Stock Harley-Davidson Flatheads aren’t exactly legends of horsepower. Well after World War II, Army surplus flatties were as cheap as the laughs in a ’50s sitcom, a bad ’50s sitcom. The downside of these motors was that you got what you paid for in performance. That’s why the Magnum 45 became the hot ticket for solving the problem. You modified your Harley-Davidson 45-inch Flathead to fit a Sportster top end to add more horsepower to wake up the engine while still being able to fit it into the tight confines of a rigid chassis. That’s exactly what Georgia resident Freddie Arnold did with this period piece of a rigid machine he calls the “Memphis Magnum.” It’s a 1947 Flathead lower end topped with the uppers from a 1969 Ironhead Sportster.
The finished hot rod wasn’t a solo effort, however. Although Freddie labored hard on the motor work, Hank Young brought his welding skills to bear on the bike in his Young Choppers shop in Marietta, Georgia. The prism tank, flat rear fender, exhaust pipes, and air cleaner are Hank’s work, as are the modifications made to the Paughco chassis and 9-inch-over Paughco springer forks.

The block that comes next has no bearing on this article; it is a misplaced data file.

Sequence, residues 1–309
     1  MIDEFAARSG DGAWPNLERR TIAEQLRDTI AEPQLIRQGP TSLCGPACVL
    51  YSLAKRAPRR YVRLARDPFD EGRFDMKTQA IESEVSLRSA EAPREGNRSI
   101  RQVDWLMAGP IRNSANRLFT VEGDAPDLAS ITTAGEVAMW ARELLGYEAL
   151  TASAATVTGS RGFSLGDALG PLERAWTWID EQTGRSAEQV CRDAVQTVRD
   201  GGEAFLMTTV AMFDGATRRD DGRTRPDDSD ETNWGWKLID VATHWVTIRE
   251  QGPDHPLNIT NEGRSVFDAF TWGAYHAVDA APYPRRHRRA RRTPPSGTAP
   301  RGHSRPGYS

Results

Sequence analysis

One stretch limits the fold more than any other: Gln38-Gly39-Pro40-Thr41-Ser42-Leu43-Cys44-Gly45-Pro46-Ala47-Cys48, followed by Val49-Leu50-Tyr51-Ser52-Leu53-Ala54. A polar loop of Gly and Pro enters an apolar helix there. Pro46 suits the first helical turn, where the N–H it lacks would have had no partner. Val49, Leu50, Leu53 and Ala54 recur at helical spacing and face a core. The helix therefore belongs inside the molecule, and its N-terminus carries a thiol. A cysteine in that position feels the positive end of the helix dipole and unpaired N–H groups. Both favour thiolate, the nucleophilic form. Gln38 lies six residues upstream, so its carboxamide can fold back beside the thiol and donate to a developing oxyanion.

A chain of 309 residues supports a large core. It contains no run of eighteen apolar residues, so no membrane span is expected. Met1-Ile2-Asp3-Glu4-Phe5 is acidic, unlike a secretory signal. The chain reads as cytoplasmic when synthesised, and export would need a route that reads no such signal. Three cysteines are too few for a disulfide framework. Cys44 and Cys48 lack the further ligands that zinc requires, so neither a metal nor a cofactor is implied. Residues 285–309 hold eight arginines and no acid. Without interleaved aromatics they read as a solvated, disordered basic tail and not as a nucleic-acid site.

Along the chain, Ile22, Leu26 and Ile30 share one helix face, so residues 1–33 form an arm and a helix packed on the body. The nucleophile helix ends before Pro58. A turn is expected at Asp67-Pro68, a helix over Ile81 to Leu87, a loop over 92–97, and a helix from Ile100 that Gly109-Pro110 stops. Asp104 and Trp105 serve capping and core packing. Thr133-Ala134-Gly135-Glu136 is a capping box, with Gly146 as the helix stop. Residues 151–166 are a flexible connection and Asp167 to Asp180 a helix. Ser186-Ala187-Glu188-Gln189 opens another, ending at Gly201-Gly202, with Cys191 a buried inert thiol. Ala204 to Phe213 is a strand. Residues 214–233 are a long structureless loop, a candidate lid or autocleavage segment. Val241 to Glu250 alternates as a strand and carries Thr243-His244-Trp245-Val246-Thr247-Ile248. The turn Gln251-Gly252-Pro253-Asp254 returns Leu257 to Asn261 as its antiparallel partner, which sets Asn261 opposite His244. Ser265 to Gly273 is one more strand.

After the mocked-up machine got the go-ahead for paint, Bobby Bordeaux laid down a sweet combo plate of pearl and cool candy colors. Once the color finished curing, “Memphis Magnum” was crowned complete with a custom king/queen saddle from Jordan Levi Dickinson. The starting point for the bike may have been cheap, but the end result looks anything but that.